33rd America's Cup
14. février 2010
After losing Race 1 on Friday, in the best of three race series, Defender Alinghi are in a must win situation as they approach the second contest, the 39 miles triangle course which is scheduled for Sunday.
Cool, blustery offshore breezes prevailed through Saturday around Valencia’s Marina Real Juan Carlos 1 but they are forecast to give way to a gentler SE’ly wind which might allow an early afternoon race, what may be the final showdown of the 33rd America’s Cup match.
The start to Race 2 has been postponed for two hours to around 2 o’clock: the wind is very unstable during the transition phase perhaps because there is a little more heating on land than Friday. Breeze now is 5 knots at the gybe mark from 300 degrees, but there is much more conflict closer to the shore where the race committee are seeing 180 degree shifts and very, very little wind. And at the windward mark there is about 4 knots at 355 degrees.
Alinghi, the Swiss team which won in 2003 in Auckland, NZ. and then retained the America’s Cup in these Valencian waters in July 2007, suffered a heavy defeat in Friday’s opening race, when the superior speed and power of the USA’s wing-sailed trimaran was evident in the specific weather conditions.
But, the change to the shorter 13-miles reaching legs of the triangle course, the prospect of lighter breeze and the chance to learn from the mistakes they reported that they made configuring and setting up their catamaran, Alinghi 5, might contribute to a reversal of fortune.
Addressing the media after Race 1, both Russell Coutts (NZL), the three times America’s Cup winning CEO of BMW ORACLE Racing Team and Ernesto Bertarelli (SUI) cautioned that this America’s Cup is far from over.
Both teams spent Saturday de-briefing information gained from Race 1 looking for improvements. Alinghi’s chief designer Rolf Vrolijk (NED) said Friday that they were hoping for different conditions in which they could ‘hopefully be competitive.”
BMW ORACLE Racing informally presented key members of their technical team to the media today including Design Director Mike Drummond (NZL). The Kiwi is on his eighth America’s Cup and was among the design team of 132 foot KZ1, which lost the 1988 Deed of Gift challenge against the USA’s 60 foot catamaran.
Drummond, who was one of the key drivers in the team’s decision to build the solid wing which has proven a ‘weapon’ admitted that even he was a little surprised at how much the BMW ORACLE Racing trimaran had gained on the downwind leg of Race 1. From Mark 1 to the finish, 20 miles downwind, BMW ORACLE Racing gained around five minutes.
If the USA team can win back the America’s Cup it will be for the first time since Dennis Conner’s Stars & Stripes team lost 5-0 to New Zealand’s famous KZ 7 in San Diego in 1995
Race 1 saw a huge number of visitors on www.americascup.com. 346,604 unique visitors or computers logged on to the website during Friday, 90,000 visitors more than Monday 8th.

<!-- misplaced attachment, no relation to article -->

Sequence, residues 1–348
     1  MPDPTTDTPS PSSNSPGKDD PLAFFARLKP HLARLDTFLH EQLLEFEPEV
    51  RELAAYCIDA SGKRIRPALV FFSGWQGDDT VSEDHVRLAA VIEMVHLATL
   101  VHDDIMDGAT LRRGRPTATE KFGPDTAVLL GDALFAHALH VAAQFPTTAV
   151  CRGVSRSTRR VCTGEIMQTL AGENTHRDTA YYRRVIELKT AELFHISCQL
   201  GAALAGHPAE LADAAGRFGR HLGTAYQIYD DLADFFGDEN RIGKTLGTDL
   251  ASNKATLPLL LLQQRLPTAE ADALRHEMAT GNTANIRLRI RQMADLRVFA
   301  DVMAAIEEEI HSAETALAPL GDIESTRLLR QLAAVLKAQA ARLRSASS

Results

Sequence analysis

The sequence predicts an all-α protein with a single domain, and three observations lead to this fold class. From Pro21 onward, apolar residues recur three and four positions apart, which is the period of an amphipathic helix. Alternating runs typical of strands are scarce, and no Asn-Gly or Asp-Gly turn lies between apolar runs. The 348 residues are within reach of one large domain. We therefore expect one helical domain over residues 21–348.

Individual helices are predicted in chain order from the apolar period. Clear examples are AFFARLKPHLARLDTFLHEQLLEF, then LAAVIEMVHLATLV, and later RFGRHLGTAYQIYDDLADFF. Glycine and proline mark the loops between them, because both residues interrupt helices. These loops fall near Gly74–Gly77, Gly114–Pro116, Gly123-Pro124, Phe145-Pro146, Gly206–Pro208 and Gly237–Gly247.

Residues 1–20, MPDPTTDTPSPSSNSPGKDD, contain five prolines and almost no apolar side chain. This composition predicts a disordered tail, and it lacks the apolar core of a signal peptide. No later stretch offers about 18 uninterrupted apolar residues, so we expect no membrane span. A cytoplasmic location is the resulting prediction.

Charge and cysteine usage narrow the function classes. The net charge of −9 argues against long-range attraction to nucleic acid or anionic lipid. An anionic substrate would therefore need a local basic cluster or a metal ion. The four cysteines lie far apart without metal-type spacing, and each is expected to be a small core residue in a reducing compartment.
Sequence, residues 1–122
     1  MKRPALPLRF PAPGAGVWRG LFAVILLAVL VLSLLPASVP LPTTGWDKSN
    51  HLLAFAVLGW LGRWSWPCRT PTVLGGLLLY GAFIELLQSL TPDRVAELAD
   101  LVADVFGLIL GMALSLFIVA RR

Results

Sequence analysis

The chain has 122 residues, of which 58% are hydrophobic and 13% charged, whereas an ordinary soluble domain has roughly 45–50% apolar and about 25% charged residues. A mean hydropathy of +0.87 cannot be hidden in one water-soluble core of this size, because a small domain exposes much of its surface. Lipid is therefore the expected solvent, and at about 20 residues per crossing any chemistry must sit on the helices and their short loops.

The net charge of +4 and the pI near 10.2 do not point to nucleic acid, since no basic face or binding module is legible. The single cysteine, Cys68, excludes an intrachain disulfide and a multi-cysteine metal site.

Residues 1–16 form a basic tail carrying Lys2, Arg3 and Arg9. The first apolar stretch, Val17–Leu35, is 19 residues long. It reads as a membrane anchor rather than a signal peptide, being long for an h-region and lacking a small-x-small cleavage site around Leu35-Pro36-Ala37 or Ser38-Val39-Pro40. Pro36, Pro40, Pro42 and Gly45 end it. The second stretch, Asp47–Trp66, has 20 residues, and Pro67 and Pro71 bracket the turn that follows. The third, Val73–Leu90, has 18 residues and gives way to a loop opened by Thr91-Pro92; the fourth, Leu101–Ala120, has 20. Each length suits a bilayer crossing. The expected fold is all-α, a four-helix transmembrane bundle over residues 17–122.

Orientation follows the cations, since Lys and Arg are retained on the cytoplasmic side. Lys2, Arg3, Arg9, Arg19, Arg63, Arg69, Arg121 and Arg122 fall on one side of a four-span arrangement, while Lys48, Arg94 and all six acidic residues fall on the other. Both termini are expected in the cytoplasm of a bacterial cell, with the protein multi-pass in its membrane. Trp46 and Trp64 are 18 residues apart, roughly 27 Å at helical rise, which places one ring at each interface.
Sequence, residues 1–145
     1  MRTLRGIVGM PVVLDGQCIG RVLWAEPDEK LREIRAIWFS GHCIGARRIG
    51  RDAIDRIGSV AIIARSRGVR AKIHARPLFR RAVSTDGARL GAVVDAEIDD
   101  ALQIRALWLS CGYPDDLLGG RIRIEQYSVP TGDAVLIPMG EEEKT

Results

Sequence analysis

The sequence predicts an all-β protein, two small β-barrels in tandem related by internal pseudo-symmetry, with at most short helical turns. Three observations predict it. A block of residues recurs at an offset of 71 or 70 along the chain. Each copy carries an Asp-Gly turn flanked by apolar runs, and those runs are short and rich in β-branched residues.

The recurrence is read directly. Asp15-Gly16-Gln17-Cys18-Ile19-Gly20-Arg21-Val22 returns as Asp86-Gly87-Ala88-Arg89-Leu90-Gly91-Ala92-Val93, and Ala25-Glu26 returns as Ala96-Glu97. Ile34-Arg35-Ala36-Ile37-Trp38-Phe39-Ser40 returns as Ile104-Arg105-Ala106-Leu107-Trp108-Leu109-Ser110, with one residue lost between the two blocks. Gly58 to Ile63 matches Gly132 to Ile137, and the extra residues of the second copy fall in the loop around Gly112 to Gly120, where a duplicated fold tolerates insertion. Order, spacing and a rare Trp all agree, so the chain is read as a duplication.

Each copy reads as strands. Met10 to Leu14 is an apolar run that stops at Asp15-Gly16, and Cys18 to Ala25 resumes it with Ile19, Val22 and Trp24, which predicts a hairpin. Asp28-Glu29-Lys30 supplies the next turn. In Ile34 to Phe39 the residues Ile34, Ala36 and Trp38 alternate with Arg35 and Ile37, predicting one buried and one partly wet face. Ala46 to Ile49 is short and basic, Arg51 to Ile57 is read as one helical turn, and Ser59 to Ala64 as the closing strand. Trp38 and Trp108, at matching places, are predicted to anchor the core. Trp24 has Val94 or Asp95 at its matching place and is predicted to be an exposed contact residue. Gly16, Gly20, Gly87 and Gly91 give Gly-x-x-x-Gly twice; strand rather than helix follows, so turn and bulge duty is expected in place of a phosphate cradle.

In terms of countries the USA accounted for 123,225, Italy second highest with 92,811, Switzerland with 80,889, France 65,951.
Harold Bennett (NZL) Race Director and Principal Race Officer:
” It was good to get the race away (yesterday) and at long last see the two giant multis battle it out. It was great.
On the start entry set up
” Maybe it could have been modified a little different but it won’t be any different tomorrow because what we start with is what we’ll finish with. But not having had these boats before you don’t really know what the best formula would have been to do that. Now we have had one race we have actually had one pre-start with these boats, maybe it could have been a little different, but I am afraid it won’t be any different. So that’s that.”
On setting up the triangle course:
” The triangle course, being only 13 miles to windward, is a little easier. You don’t have to look for the 20 miles of beautiful breeze coming down.”
“But the indicators are at the moment that we are going to see an offshore breeze overnight. It is going to die in the morning and flatten out the seas and eventually come in off the SE, and if that is the case. It will be light 6-8 knots. If that is the case we will be quite close to home here. We might be off Sagunto (12 miles north of Valencia) and so there should be the opportunity to see these boats off the shore. I hope that if the weather comes that way then we will do it that as much as practical.”
Mike Drummond (NZL) design director BMW ORACLE Racing:
” I was a little surprised at our performance downwind, but not totally surprised. I have to say I was uncertain. I did not know how we would rank against them. I felt quite confident in stronger breezes and less confident in lighter breezes and honestly did not know the boundary between those. Yesterday was a very difficult sailing day with short puffs of wind strength and changes of wind direction. It certainly made sailing the boat quite difficult. The strength was obviously enough for us to gain a lead upwind and we probably got a little lucky downwind from the top mark, and carrying the breeze inshore and that probably exaggerated it somewhat.”
” Even though we had tried to sort of crudely measure the performance of Alinghi, but we did not know it, and that is why I say there was some uncertainty. We had reasonable confidence we would be faster upwind.”
Rolf Vrolijk (NED) Chief Designer Alinghi (SUI):
“I think if we get conditions we would like to have, we probably can be competitive. We’re for sure hoping to see another race maybe in different conditions and anther setup of our boat and hopefully be competitive.”